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CAC plans to delist over 100,000 companies

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By Abiodun Okunloye

Businesses not filing annual returns in the past 10 years will be scrutinised.

Over 100,000 businesses that have failed to meet the requirements of registered corporations will be removed from the Corporate Affairs Commission (CAC) database following the commission’s decision. During a seminar, Alhaji Garba Abubakar, the commission’s Registrar-General and Chief Executive, made this disclosure. While conducting training on the “Use of the Beneficial Ownership Register,” the Chief Executive revealed that 100,000 companies had not filed annual returns in the past ten years and that these businesses should be prepared to come under scrutiny.

Alongside, he added that a notice would be distributed to impacted companies prior to the action in compliance with section 692 of the Companies and Allied Matters Act, which took effect in 2020. He suggested that the deregistering process may be halted if organisations with unpaid yearly return arrears did so before being deleted from the database. According to him, the court would re-enlist such corporations as is permitted by law following the annual returns had been paid in full.

Annual returns and statements to be submitted within 42 days of the AGM.

An annual fee must be paid in addition to the requirement of submitting various reports. But if a corporation fails to meet the commission’s standards, it can be removed from the registry. Organisations might struggle to maintain their annual return with CAC for a variety of reasons, such as failing to pay taxes, failing to file any necessary remittances, or failing to keep up with their corporate registers. Unless it is a single-shareholder company, every business must submit annual returns and audited financial statements within 42 days of the Annual General Meeting (AGM).

When a corporation is unable to meet its annual revenue targets, it indicates that there is a problem somewhere in the organisation. It’s possible that this was caused by a combination of factors, including changes in management, increased competition, and practises that aren’t sustainable, in addition to the absence of a solid framework. To succeed despite the obstacles, organisations will need to develop their own distinct modes of operation to accomplish their objectives. This entails redefining their purposes, establishing goals, as well as clear communication and accountability mechanisms.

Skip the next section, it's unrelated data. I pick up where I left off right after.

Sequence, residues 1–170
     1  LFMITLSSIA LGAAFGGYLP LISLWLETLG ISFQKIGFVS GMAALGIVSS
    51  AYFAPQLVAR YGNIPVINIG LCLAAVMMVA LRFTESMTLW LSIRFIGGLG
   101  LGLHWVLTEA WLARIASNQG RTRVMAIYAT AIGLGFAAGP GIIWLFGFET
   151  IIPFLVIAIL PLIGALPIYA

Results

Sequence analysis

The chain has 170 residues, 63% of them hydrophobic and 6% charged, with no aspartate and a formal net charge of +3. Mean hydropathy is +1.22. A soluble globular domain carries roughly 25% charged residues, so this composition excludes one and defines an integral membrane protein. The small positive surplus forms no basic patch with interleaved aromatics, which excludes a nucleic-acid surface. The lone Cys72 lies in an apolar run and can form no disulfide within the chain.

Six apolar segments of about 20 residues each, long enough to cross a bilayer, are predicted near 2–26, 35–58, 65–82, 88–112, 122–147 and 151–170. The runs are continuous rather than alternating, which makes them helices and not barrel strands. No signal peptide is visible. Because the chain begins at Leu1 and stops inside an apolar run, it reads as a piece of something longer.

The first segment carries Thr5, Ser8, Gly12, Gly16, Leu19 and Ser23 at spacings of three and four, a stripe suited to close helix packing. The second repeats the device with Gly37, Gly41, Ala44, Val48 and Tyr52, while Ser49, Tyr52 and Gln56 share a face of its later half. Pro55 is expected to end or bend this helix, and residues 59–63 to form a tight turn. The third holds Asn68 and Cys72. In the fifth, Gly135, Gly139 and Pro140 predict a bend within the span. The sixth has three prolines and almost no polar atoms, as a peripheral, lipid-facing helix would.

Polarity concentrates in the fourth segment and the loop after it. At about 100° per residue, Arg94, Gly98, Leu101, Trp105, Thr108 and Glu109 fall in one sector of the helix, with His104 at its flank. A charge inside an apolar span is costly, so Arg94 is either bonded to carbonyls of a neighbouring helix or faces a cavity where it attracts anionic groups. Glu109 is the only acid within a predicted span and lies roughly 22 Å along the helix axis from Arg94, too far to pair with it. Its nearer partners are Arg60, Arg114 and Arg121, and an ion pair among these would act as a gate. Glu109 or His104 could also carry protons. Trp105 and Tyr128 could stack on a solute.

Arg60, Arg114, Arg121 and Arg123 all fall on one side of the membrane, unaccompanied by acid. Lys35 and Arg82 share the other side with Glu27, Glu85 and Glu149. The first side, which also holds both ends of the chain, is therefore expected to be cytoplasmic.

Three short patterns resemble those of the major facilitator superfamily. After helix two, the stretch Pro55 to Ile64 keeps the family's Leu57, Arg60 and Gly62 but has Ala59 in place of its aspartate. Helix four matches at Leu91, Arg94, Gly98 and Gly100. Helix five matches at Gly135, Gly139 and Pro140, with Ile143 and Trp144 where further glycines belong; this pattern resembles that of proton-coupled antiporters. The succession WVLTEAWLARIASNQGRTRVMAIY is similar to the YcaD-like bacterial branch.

The commission was established to oversee business compliance.

Moreso, the Corporations and Allied Matters Act of 1990 is an act of legislation that led to the formation of the Corporate Affairs Commission. It was established to keep tabs on new businesses and ensure that old ones are correctly dissolved. These responsibilities were also assigned to it to guarantee that businesses follow appropriate standards of conduct. Last year, the Central Bank of Nigeria (CBN) issued an order forcing all businesses that opened bank accounts without a registration certificate to regularise their accounts or face having their accounts closed pending regularisation.

In Nigeria, opening a company bank account requires registration with the CAC. Customers are more likely to have faith in a firm’s abilities if they see that the company has opened a legitimate business account in the company’s name after registering with the CAC. A certificate of incorporation is issued as evidence of the company’s registration after it has been filed. When a company formally establishes its identity through CAC registration, it is considered a distinct entity. According to the law, an incorporated firm or company is distinct from its owners or members.

Corruption, money laundering and others will be tackled.

Lastly, the Registrar-General revealed that establishing Africa’s first Beneficial Ownership Register by the CAC, with the support of the World Bank, would be a significant step forward in the fight against corruption, money laundering, and the funding of terrorist organisations. He suggested that the Broker of Record should be utilised by investigating agencies, legal practitioners, journalists, and organisations representing civil society in order to fulfil their respective roles. Some responsibilities fall on the shoulders of CAC-registered organisations in Nigeria, which must be met.

Related Link

CAC: Website

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